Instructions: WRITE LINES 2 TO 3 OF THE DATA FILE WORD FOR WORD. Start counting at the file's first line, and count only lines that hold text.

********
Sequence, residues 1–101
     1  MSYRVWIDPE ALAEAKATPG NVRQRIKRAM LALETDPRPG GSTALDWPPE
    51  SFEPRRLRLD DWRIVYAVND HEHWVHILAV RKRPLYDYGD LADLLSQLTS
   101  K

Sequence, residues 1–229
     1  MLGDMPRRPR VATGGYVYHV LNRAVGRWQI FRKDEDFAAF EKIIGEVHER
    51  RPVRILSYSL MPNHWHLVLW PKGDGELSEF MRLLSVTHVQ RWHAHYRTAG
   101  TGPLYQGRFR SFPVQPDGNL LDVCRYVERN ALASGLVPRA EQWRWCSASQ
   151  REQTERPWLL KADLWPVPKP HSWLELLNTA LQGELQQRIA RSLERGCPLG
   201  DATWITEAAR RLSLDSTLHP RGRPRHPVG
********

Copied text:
     1  MSYRVWIDPE ALAEAKATPG NVRQRIKRAM LALETDPRPG GSTALDWPPE
    51  SFEPRRLRLD DWRIVYAVND HEHWVHILAV RKRPLYDYGD LADLLSQLTS